Under the former rule, employers had to consider whether vintage welcome hope you brought wine and dog treats doormat an injured or ill employee was able to perform “all the duties” normally connected with his or her job
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either first aid or medical treatment regardless of the condition being treated, a decision that departs from the proposal. It is OSHA’s judgment that hot and cold treatment vintage welcome hope you brought wine and dog treats doormat is simple to apply, does not require special training, and is rarely used as the only treatment for any significant injury or illness. If the worker has sustained a significant injury or illness, the case almost always involves some other form of medical treatment ; restricted work; or days away from work. Therefore, there is no need to consider hot and cold therapy to be medical treatment, in and of itself. Considering hot and cold therapy to be first aid also clarifies and simplifies the rule, because it means that employers will not need to consider whether to record when an employee uses hot or cold therapy without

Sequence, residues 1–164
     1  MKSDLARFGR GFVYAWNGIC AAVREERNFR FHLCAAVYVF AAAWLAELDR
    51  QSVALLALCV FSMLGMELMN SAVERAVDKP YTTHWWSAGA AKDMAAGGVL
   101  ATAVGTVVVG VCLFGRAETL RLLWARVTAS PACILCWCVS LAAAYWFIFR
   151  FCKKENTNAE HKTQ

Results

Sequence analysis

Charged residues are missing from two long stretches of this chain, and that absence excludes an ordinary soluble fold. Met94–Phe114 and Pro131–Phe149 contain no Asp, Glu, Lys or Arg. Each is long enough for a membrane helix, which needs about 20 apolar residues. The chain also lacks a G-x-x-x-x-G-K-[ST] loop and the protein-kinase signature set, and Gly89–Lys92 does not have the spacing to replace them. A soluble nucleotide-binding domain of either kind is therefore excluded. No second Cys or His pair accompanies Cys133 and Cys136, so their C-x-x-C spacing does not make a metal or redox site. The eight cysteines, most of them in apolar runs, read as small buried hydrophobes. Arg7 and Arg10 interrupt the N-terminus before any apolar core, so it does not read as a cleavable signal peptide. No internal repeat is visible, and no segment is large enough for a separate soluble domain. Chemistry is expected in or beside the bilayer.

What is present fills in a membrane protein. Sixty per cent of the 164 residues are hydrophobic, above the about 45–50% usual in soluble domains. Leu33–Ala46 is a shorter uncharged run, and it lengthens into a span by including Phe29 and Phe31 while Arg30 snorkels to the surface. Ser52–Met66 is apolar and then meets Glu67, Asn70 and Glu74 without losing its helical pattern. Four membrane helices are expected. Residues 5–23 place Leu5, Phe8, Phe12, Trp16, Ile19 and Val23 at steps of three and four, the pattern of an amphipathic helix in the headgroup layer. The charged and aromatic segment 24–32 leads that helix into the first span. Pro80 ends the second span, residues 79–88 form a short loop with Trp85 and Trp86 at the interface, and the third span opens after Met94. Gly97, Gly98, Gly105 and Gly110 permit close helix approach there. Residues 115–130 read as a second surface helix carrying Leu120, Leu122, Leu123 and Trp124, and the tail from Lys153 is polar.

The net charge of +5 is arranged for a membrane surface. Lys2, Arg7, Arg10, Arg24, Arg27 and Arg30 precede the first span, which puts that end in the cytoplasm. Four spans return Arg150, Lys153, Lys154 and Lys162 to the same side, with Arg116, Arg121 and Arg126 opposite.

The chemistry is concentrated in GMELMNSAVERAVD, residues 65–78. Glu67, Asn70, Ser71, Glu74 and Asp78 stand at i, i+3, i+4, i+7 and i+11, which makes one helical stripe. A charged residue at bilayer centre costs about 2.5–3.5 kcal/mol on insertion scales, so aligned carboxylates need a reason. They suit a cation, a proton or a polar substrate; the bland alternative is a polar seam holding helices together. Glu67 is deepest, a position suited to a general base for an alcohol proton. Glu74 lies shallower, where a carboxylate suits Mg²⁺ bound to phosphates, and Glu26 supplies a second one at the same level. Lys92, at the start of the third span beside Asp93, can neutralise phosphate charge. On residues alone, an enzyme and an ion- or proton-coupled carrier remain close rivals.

the direction or guidance of a physician or other licensed health care professional. The proposal would have changed restricted work recordkeeping practices markedly. For example, the proposal would have required employers to acknowledge that the case involved restricted work by placing a check in the restricted work column on the Log but would no longer have required them to count the number of restricted work days associated with a particular case. At the time of the proposal, OSHA believed that dropping the requirement to count restricted days was appropriate because the Agency lacked data showing that restricted work day counts were being used by employers in their safety and health programs. In addition, the proposal would have limited the work activities to be considered by the employer in determining whether the injured or ill worker was on restricted work.